Average emissions from new passenger cars registered in the European Union (EU) increased for the second consecutive year in 2018, according to provisional data published by the European Environment Agency.
Average new car CO2 emissions across the EU rose 2.0g CO2 per km to 120.4g, and for the first time, the average CO2 emissions from new vans also increased.
Average UK new car CO2 emissions data recently released by the Society of Motor Manufacturers and Traders (SMMT) showed a rise of 2.9%, worse than the EU average.
The provisional data has been published by the European Environment Agency (EEA) based on emissions from new passenger cars registered in the European Union (EU) in 2018. After a steady decline from 2010 to 2016, by almost 22 grammes of CO2 per km, average emissions from new passenger cars increased in 2017 by 0.4 g CO2 per.
In 2018 vans emitted on average 158.1 g CO2 per km, which is 2.0 grams more than in 2017. This is the first increase in average CO2 emissions from new vans since the regulation came into force in 2011, following a sharp decrease in 2017.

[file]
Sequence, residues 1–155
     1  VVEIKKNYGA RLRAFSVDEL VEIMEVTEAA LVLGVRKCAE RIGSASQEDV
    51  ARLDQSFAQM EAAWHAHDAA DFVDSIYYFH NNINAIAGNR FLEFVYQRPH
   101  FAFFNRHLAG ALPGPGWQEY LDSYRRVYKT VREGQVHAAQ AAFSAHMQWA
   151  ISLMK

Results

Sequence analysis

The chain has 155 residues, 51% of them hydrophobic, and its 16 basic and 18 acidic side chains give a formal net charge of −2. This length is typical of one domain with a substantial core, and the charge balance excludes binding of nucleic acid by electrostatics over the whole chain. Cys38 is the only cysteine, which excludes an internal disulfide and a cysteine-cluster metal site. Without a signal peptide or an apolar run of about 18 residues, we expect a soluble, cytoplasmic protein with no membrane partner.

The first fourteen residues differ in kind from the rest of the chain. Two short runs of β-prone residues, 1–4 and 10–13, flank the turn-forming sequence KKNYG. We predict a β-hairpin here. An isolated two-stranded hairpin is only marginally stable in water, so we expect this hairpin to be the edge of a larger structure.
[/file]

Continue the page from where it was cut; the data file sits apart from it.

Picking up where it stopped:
The EEA says that the main factors contributing to the increase of new passenger cars’ emissions in 2018 include the growing share of petrol cars in new registrations, in particular in the sport utility vehicle (SUV) segment.
The agency says that many factors affected the increase in CO2 emissions from new vans in 2018, including an increase in the mass, engine capacity and size of the vehicles. The market share of petrol vehicles also increased, constituting 3.6 % of the new vans fleet (2.4 % in 2017). The share of zero- and low-emission vans remained at the same level (1.7 %) as in 2017.
From 2021 car manufacturers will have to reduce emissions of their fleet significantly to meet a target averaging 95g CO2 per km.
For vans the EU target is decreasing to 147g CO2 per km from next year.